The difference between the NAP and the NAPA
The difference between Timor-Leste’s National Adaptation Programme of Action (NAPA) that was completed in 2010 and the National Adaptation Plan is that the NAPA focused on urgent and immediate adaptation actions and the NAP focuses on medium to long-term adaptation actions to build resilience. The NAPA was a project-based approach and the NAP has a policy-based approach. Timor-Leste viewed the NAPA as an established process and the NAP is seen as a flexible process.
2020 and beyond
To prepare for a world with a rise in sea level of between 61cm and 1.1m by 2100, as projected in the IPCC Special Report on the Ocean and Cryosphere in a Changing Climate (2019), Timor-Leste is prioritising adaptation to safeguard it’s culture and communities that rely on the dependability of water.
Timor-Leste now looks forward to the design and implementation of two phases in the NAP. Finalising governance at the national and sub-national levels will allow implementation of the NAP and establish its firm legal mandate. Following the validation workshop in June, the completed NAP will be presented to the Council of Ministers for approval and review, before submission to the UNFCCC. The goal for 2020 is for the National Directorate of Climate Change to formulate a funding proposal to access Green Climate Fund (GCF) financing that will support the next phases of the NAP process.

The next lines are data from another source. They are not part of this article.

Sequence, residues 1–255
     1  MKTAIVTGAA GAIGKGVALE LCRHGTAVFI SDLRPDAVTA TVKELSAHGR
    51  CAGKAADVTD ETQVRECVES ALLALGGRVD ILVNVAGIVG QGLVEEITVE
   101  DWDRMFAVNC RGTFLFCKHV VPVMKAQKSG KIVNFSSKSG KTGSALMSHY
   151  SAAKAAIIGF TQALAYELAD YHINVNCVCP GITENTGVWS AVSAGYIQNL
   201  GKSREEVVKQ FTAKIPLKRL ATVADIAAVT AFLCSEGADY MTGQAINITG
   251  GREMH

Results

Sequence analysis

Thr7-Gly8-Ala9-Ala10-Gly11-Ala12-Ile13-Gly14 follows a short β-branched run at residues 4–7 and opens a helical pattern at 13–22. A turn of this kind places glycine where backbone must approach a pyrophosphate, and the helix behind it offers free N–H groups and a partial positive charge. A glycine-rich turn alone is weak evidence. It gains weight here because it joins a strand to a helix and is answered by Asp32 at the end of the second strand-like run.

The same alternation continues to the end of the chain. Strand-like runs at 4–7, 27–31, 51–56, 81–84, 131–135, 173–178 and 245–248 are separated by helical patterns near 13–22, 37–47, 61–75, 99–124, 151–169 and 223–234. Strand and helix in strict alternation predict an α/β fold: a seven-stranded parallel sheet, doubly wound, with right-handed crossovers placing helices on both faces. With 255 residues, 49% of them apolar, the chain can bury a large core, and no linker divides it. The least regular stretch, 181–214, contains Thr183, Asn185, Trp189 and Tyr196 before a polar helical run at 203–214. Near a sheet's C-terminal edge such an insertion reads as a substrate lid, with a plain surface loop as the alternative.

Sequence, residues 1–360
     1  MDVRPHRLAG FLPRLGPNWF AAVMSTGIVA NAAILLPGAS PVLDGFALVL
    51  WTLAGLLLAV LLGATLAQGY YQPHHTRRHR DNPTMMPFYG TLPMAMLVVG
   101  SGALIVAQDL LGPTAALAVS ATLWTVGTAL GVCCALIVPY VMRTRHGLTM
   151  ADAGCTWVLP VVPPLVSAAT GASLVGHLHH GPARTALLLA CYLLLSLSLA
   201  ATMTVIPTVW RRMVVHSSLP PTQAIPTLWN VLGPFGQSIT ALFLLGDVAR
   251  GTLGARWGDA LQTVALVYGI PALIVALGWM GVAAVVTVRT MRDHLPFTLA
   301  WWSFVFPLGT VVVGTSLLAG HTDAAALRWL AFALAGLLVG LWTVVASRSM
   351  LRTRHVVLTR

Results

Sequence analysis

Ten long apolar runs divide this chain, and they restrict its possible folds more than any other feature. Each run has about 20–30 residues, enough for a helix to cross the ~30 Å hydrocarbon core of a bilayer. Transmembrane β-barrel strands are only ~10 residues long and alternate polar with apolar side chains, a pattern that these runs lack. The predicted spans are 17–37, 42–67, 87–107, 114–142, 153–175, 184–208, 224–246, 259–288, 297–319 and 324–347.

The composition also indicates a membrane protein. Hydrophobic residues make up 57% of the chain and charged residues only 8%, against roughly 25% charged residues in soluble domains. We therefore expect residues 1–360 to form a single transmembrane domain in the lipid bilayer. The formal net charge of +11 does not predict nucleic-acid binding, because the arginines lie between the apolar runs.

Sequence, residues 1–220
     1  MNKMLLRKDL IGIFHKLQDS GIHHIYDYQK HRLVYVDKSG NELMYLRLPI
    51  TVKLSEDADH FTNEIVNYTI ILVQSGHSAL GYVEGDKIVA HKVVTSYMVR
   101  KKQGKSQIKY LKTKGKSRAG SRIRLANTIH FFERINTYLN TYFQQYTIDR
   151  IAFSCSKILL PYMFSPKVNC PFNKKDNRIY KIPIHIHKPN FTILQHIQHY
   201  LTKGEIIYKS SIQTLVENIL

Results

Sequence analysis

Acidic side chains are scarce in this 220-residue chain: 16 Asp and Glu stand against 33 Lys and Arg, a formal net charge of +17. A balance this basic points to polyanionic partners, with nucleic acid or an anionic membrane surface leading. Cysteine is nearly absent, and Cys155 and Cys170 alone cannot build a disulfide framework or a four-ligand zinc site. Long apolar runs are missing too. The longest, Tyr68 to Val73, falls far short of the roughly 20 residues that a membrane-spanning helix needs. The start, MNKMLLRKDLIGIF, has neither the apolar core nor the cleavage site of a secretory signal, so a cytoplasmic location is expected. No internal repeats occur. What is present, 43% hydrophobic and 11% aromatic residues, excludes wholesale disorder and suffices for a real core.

In parallel, Timor-Leste is one of the 100 countries being supported by UNDP’s Climate Promise to enhance their NDCs by 2020. Timor-Leste is leveraging on-going efforts to further strengthen its capacity in addressing and responding to climate change. UNDP is supporting Timor-Leste’s efforts in raising adaptation ambition through a GCF project, “Safeguarding rural communities and their physical and economic assets from climate induced disasters in Timor-Leste” to strengthen rural infrastructure, such as water supply systems, rural road and bridges, flood defenses, and irrigation systems.
Story by Melanie Pisano, Climate Change Communications Specialist, UNDP in Asia and the Pacific Regional Bureau, with support from Louis Nunes Da Costa, Communications UNDP Headquarters.